The end of the year is almost here, and with that, a new season is on the horizon: tax season. Now is a great time to get your taxes in order so here are a handful of tips and rule changes to help you prepare before the new year.
Taxpayers should check if their tax withholding is 100% accurate
In the world of taxes, there are good surprises and bad surprises. In order to avoid unwanted or unnecessary surprises, people should review their tax withholding. The IRS talks about this in greater detail in this article.
Gather all required forms
Collecting your tax documents is an important first step to filing your tax returns. These records include W-2s, 1099s, receipts, canceled checks and other income documents.
Contributing to tax-advantaged accounts
Contributions to a 401(k), 403(b), or a health savings account could potentially lower your taxable income for 2022 and increase the assets you have available for future retirement and medical expenses. You should review your contributions before the end of the year to ensure you’re taking full advantage of the limits for these accounts.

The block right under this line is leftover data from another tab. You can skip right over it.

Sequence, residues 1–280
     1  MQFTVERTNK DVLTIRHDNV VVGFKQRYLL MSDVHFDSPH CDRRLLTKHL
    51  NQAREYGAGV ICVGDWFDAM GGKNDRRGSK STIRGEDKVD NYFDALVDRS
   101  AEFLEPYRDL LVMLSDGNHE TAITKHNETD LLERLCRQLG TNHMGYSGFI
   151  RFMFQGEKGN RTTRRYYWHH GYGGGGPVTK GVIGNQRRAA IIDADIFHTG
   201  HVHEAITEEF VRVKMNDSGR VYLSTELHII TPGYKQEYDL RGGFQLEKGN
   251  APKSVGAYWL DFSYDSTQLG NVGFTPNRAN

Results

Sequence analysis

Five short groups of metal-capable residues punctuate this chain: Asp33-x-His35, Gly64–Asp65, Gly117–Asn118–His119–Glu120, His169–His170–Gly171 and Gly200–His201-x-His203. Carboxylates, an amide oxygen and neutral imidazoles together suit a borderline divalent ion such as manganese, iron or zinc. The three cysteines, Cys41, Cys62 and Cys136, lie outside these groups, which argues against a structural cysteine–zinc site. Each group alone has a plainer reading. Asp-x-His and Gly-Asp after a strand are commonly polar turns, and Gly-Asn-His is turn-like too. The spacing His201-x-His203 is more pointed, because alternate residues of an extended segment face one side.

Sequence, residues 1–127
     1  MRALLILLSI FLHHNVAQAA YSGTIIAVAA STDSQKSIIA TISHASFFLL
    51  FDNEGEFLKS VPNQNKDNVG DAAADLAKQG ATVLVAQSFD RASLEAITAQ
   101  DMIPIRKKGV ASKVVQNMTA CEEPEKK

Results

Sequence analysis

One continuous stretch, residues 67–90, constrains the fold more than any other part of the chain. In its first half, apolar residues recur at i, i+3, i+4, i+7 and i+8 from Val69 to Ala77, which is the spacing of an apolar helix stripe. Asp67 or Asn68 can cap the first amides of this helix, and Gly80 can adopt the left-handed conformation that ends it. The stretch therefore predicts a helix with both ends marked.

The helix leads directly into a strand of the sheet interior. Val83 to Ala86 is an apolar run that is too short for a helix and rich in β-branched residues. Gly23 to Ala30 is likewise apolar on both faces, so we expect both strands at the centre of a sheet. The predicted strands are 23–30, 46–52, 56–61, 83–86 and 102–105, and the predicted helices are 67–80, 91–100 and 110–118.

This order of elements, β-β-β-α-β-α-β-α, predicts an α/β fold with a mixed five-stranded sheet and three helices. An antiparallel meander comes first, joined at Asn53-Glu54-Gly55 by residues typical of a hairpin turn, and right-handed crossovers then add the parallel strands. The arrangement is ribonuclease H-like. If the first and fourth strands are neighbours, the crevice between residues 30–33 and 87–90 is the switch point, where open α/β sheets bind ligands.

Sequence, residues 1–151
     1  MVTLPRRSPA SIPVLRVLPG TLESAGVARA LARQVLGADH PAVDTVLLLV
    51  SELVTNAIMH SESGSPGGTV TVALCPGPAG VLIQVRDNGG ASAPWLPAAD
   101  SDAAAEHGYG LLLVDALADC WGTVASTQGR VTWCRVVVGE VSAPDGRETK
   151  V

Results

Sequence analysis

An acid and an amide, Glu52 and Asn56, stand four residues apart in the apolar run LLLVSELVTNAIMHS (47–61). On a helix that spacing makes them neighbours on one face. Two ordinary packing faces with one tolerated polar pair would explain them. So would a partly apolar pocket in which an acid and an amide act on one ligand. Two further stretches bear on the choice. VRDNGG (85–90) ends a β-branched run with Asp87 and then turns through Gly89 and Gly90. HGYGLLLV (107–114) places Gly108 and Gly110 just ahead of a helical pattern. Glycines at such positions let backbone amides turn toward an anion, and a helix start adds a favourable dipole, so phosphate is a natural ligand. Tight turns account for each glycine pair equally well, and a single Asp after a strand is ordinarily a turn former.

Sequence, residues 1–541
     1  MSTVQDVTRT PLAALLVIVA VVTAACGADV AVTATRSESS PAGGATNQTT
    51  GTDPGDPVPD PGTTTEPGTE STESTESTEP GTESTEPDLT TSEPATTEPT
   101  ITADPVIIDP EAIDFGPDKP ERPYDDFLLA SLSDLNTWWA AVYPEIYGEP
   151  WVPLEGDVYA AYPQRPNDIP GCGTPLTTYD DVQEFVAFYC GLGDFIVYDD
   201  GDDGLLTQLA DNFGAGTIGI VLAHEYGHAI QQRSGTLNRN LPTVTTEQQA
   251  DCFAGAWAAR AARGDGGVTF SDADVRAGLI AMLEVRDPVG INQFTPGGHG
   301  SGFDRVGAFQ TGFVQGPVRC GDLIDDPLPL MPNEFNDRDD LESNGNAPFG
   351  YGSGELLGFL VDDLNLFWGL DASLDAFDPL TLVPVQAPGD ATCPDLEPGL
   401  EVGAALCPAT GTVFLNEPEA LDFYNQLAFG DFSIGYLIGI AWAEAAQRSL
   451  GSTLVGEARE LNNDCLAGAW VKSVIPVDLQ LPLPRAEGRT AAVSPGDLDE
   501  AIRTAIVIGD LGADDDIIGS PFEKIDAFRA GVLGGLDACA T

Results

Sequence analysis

Qualified charitable distributions
If you are age 70½ or older and have an IRA, you may want to consider making direct transfers of up to $100,000 from your IRA to qualified charities. This could potentially reduce the amount of required minimum distributions. Direct transfers do not increase your Adjusted Gross Income (AGI), which means they will not adversely affect your itemized deductions, Medicare premiums, or Social Security benefits.
Student loans may be deductible
Student loan interest may be deductible up to $2,500 even if you don’t itemize. If you’re still in college or continuing your education, you can potentially reduce your tax burden by thousands of dollars by seeing if you’re eligible for the American Opportunity Tax Credit or the Lifetime Learning Credit.
The standard deduction increased slightly
After an inflation adjustment, the 2022 standard deduction increases to $12,950 for single filers and married couples filing separately and to $19,400 for single heads of household, who are generally unmarried with one or more dependents. For married couples filing jointly, the standard deduction rises to $25,900.
Itemized deductions remain mostly the same
For most filers, taking the higher standard deduction is more practical and saves the hassle of keeping track of receipts. See a list of itemized deductions and how they’ve changed in this article.